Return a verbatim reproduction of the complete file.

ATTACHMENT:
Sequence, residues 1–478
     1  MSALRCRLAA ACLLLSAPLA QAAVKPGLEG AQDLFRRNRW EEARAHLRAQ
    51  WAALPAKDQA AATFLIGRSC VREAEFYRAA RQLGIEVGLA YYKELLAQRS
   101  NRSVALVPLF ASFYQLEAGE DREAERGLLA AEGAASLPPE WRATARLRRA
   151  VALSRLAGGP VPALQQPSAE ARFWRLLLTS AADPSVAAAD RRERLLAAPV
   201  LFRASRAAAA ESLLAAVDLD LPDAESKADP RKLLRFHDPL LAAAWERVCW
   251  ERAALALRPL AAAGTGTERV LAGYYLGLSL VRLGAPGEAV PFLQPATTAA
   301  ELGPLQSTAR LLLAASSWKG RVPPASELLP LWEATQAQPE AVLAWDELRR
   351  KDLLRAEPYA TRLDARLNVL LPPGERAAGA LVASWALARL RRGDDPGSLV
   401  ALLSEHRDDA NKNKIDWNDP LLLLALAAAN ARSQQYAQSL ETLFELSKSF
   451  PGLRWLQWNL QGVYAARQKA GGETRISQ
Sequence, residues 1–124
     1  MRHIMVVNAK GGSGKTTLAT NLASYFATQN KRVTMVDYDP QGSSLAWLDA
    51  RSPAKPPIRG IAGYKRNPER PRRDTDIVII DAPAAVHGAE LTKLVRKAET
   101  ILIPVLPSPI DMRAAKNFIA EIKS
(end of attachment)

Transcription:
Sequence, residues 1–478
     1  MSALRCRLAA ACLLLSAPLA QAAVKPGLEG AQDLFRRNRW EEARAHLRAQ
    51  WAALPAKDQA AATFLIGRSC VREAEFYRAA RQLGIEVGLA YYKELLAQRS
   101  NRSVALVPLF ASFYQLEAGE DREAERGLLA AEGAASLPPE WRATARLRRA
   151  VALSRLAGGP VPALQQPSAE ARFWRLLLTS AADPSVAAAD RRERLLAAPV
   201  LFRASRAAAA ESLLAAVDLD LPDAESKADP RKLLRFHDPL LAAAWERVCW
   251  ERAALALRPL AAAGTGTERV LAGYYLGLSL VRLGAPGEAV PFLQPATTAA
   301  ELGPLQSTAR LLLAASSWKG RVPPASELLP LWEATQAQPE AVLAWDELRR
   351  KDLLRAEPYA TRLDARLNVL LPPGERAAGA LVASWALARL RRGDDPGSLV
   401  ALLSEHRDDA NKNKIDWNDP LLLLALAAAN ARSQQYAQSL ETLFELSKSF
   451  PGLRWLQWNL QGVYAARQKA GGETRISQ
Sequence, residues 1–124
     1  MRHIMVVNAK GGSGKTTLAT NLASYFATQN KRVTMVDYDP QGSSLAWLDA
    51  RSPAKPPIRG IAGYKRNPER PRRDTDIVII DAPAAVHGAE LTKLVRKAET
   101  ILIPVLPSPI DMRAAKNFIA EIKS